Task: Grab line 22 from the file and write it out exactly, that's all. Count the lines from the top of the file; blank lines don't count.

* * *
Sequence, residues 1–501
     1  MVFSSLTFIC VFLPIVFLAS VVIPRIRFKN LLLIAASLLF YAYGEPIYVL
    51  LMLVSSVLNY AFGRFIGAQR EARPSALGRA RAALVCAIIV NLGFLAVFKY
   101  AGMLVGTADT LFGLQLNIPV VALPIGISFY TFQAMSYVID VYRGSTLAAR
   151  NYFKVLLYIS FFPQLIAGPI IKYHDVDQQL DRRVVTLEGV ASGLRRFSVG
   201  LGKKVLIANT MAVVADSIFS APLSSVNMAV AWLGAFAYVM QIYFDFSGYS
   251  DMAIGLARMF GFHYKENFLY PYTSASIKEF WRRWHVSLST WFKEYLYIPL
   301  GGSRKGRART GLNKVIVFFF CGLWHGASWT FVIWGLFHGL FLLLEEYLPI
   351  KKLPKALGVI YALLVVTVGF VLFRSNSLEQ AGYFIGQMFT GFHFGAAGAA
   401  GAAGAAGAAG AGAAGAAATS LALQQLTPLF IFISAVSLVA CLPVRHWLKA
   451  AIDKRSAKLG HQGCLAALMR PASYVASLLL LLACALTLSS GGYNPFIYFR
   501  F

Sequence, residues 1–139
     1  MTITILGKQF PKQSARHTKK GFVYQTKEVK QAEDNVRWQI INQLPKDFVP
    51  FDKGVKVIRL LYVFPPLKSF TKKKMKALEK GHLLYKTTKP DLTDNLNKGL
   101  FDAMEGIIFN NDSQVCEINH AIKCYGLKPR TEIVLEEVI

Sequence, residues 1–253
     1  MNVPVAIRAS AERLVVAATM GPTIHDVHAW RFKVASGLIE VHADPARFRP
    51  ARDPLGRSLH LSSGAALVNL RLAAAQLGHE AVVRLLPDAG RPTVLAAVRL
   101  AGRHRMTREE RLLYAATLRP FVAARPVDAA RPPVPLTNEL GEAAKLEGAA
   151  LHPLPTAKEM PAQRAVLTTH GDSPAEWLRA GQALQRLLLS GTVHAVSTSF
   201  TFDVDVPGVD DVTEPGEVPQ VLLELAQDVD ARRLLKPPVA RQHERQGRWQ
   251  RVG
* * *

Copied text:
   201  TFDVDVPGVD DVTEPGEVPQ VLLELAQDVD ARRLLKPPVA RQHERQGRWQ